What do you hang on the walls of your mind?
If you are careful with people, they will offer you part of themselves. That is the big secret.
If the chemistry is right between star and photographer and the geometry of the pictures pleases the star, often the two people end up with a long-term professional friendship during which they continue to work together and to produce highly personal images.
It is the photographer, not the camera, that is the instrument.
If a photographer cares about the people before the lens and is compassionate, much is given.
I don't see anybody as either ordinary or extraordinary. I see them simply as people in front of my lens.
You should never reveal your true age.
It's hard for me to assess what I brought because each time you pick up a camera and point it at a person, you're trying to define that person so to talk generally is difficult because I have to think of a given image in order to conjure up what we're talking about.
What has changed is that when I photographed, most people that I photographed didn't have the right of refusal on their work. It would take a Marilyn Monroe at her height to be able to dictate that.
I love the idea I can go off with a single camera and a few rolls of film unencumbered... I was not interested in the illusion of reality, I wanted to get close to what was happening.
Lesson number one: Pay attention to the intrusion of the camera.
What you need to be a good photographer is an overwhelming curiosity and a good digestion. Sometimes you feel blessed with curiosity, sometimes you feel cursed with it.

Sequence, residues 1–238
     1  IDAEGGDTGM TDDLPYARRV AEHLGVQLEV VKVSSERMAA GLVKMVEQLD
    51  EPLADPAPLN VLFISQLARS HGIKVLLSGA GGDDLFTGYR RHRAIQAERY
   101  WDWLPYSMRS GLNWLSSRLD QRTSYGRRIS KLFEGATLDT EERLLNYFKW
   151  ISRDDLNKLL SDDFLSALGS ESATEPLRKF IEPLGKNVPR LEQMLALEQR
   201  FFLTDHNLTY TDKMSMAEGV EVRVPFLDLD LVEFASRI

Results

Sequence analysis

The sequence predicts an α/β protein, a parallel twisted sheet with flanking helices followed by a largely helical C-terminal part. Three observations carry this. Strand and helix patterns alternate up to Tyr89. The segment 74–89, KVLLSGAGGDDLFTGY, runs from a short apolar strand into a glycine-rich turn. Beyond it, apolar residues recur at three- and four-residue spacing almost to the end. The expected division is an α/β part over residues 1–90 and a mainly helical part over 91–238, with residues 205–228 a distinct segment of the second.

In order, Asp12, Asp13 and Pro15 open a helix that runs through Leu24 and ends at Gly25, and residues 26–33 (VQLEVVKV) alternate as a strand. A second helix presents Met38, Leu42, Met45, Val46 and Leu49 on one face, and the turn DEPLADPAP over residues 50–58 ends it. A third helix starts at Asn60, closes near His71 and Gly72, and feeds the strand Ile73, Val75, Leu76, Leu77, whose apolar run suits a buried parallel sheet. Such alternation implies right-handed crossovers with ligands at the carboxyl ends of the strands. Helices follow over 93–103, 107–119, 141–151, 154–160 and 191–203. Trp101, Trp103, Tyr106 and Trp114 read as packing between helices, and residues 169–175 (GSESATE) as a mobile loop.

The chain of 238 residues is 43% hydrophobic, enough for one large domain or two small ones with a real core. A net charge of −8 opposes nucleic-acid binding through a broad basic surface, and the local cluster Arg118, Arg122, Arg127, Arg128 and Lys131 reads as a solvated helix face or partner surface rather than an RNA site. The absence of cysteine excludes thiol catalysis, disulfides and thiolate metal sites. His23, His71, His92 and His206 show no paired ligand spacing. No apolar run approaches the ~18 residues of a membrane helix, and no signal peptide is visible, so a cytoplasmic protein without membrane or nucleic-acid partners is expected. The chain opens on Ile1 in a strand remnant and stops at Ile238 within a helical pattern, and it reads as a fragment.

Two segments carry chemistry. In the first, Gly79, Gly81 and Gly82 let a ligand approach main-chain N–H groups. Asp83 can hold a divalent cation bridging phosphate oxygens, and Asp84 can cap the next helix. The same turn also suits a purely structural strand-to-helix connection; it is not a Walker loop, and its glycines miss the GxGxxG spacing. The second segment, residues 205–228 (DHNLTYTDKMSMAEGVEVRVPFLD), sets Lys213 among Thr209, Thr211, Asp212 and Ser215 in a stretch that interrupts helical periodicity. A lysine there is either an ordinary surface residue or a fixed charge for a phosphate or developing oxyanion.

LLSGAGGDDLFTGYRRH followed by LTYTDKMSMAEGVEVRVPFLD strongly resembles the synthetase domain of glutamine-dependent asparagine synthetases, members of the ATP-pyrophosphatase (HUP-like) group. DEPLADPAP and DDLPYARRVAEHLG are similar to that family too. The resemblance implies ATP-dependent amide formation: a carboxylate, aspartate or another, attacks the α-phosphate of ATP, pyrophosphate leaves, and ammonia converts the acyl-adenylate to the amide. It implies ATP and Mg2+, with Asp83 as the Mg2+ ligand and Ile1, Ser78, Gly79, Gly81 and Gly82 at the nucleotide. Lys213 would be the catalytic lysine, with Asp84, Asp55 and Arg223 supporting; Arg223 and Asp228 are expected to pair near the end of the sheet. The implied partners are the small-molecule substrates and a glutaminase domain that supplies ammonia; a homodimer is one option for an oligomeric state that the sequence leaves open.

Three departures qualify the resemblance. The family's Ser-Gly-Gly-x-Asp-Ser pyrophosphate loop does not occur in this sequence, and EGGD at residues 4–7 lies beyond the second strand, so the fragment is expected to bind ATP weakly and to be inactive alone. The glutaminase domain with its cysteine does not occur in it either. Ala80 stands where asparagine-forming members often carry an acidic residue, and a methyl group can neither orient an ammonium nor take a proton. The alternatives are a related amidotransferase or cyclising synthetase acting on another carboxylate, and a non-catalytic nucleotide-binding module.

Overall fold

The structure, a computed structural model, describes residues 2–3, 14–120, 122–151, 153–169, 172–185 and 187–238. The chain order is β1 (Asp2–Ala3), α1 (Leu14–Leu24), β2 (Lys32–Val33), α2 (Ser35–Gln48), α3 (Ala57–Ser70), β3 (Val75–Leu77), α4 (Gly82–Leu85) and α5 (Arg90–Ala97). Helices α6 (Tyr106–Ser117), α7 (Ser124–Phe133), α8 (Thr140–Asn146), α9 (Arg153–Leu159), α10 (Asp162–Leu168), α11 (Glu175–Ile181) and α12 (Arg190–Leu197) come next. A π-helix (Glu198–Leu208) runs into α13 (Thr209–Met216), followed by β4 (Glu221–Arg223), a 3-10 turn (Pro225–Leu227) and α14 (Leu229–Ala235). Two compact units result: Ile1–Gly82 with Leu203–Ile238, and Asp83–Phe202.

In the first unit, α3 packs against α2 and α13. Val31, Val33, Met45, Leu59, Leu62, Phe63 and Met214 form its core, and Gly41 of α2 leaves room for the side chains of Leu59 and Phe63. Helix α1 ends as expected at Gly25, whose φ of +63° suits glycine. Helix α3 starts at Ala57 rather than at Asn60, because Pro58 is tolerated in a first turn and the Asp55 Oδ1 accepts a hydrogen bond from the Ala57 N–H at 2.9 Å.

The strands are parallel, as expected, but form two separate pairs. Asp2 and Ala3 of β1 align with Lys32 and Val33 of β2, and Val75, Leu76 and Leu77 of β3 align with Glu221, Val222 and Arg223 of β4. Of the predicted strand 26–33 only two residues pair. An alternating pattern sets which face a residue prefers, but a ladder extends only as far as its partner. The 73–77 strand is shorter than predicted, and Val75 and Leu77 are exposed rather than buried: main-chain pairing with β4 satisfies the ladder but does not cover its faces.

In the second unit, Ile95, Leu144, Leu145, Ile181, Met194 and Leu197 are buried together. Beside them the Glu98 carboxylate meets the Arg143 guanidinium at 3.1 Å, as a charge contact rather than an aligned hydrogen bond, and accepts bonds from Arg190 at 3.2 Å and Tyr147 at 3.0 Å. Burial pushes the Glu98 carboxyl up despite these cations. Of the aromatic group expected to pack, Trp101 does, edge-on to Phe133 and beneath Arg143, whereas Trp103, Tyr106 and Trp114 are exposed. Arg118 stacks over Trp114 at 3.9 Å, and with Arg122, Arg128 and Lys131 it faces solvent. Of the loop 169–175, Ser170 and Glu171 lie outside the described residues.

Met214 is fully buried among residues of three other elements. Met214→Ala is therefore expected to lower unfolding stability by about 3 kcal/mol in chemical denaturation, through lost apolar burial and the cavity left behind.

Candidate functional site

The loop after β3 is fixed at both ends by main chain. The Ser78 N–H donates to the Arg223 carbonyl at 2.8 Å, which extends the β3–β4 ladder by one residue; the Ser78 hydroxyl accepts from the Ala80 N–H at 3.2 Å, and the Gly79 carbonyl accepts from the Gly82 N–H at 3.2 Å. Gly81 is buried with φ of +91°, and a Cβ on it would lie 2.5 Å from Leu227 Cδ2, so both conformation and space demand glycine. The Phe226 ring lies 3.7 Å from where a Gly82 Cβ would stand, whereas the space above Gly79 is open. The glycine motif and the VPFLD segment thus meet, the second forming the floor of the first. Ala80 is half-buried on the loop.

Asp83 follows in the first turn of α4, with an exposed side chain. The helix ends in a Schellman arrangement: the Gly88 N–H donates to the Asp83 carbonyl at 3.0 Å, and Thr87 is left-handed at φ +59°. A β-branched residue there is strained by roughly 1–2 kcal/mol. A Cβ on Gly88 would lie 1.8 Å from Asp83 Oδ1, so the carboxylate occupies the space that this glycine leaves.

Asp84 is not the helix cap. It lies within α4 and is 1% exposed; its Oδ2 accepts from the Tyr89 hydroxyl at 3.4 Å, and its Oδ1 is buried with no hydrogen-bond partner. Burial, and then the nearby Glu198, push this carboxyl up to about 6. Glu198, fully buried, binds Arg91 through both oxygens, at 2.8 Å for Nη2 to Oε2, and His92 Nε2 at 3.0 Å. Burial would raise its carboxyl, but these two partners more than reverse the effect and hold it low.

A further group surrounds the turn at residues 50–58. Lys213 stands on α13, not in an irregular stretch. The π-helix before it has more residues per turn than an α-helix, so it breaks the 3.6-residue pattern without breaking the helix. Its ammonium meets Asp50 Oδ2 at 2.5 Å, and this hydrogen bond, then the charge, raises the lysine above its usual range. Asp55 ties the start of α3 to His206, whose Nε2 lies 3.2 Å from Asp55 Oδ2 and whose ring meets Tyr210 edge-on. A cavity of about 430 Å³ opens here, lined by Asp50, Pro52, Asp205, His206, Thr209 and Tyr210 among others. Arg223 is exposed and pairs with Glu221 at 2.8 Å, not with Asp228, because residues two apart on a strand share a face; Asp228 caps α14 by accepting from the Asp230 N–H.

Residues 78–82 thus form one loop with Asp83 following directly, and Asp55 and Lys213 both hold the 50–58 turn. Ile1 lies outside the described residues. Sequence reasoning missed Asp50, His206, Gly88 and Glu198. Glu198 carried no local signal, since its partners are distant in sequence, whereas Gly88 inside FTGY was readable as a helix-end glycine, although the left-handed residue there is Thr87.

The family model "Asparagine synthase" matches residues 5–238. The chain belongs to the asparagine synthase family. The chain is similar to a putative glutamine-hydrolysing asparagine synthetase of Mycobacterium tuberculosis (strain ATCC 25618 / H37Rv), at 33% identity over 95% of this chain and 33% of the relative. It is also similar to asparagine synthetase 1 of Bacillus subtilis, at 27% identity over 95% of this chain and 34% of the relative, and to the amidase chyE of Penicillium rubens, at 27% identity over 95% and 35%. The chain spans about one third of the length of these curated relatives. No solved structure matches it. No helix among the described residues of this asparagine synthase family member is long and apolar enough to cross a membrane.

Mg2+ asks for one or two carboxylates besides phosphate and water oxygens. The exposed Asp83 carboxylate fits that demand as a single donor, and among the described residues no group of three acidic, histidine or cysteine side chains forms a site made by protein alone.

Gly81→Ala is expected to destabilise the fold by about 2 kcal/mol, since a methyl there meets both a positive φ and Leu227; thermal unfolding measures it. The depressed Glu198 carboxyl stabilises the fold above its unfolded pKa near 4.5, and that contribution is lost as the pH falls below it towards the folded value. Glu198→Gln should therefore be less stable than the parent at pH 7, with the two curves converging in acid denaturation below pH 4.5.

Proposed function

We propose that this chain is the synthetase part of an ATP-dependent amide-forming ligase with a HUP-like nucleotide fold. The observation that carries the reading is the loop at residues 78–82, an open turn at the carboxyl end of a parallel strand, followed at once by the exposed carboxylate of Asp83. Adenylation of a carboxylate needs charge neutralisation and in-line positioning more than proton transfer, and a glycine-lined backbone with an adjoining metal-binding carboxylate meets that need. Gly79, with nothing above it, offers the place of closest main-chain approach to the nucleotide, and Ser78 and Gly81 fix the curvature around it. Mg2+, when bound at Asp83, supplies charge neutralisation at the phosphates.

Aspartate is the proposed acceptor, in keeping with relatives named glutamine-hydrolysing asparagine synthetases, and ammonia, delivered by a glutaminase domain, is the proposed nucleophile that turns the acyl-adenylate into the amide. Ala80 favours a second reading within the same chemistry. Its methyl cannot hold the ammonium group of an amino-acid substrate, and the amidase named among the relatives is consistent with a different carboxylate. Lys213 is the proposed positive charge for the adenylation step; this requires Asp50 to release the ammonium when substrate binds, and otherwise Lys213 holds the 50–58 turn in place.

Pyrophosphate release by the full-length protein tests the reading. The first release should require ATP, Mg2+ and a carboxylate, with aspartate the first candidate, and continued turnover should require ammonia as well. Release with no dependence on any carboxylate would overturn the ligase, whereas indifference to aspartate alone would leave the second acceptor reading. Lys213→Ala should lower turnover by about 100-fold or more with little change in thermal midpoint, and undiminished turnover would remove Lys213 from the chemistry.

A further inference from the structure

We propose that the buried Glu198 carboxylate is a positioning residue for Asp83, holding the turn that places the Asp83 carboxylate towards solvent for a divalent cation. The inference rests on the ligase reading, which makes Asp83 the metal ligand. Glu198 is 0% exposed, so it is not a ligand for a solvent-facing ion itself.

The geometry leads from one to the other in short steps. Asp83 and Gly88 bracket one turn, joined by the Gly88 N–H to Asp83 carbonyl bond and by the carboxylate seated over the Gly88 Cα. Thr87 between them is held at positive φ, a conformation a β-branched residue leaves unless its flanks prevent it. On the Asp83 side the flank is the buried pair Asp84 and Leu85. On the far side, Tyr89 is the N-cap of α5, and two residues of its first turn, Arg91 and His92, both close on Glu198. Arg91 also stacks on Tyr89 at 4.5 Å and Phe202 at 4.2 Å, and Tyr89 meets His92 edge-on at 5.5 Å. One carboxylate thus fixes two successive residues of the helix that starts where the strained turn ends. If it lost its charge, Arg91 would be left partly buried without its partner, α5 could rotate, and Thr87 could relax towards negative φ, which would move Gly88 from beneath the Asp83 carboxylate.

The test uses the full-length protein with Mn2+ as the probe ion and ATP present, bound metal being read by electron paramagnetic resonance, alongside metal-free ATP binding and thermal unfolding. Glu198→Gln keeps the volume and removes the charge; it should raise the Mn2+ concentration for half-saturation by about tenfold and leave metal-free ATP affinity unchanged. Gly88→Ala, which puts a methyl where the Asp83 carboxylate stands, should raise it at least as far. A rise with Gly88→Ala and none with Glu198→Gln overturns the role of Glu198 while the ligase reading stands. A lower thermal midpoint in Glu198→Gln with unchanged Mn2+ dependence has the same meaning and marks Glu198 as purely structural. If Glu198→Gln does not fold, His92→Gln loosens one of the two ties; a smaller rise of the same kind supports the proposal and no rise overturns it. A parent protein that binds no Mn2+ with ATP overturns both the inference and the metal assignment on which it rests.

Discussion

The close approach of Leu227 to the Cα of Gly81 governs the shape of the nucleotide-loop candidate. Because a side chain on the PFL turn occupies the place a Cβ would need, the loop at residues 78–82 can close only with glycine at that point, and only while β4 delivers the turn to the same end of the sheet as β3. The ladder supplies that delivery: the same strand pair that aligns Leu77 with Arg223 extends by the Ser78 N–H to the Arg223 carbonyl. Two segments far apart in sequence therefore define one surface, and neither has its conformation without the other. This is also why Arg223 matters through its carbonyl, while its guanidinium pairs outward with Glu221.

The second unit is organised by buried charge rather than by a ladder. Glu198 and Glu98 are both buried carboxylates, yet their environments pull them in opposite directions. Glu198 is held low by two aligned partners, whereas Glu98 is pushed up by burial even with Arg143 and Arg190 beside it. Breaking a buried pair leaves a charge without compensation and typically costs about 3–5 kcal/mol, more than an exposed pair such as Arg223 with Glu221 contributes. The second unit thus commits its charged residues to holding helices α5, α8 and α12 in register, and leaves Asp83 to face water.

I want the subject to be in control. Because they will give me something I couldn't possibly know about them.
Themes recur again and again in my work.
What drove me and kept me going over the decades? If I had to use a single word, it would be 'curiosity.'
What I have tried to do is involve the people I was photographing... if they were willing to give, I was willing to photograph.
I find going back through things sometimes exhilarating because I find things I didn't know I had, and sometimes it's very off putting because there are things I never quite finished, and there's nothing at all to do about it now.
I have been poor and I wanted to document poverty; I had lost a child and I was obsessed with birth; I was interested in politics and I wanted to know how it affected our lives; I am a woman and I wanted to know about women.
I realise that I had the best of serious picture journalism. There was an innocence in our approach, especially in the 1950s and 1960s when we naively believed that by holding a mirror up to the world we could help - no matter how little - to make people aware of the human condition.
Recording sessions were stimulating to photograph, because everything was in motion: the subject, the musicians, the technicians and the photographer. You needed fast reflexes to keep up with moving targets, and sensitivity and skill to get the pictures while keeping out of the performers' eyeline so as not to break their concentration.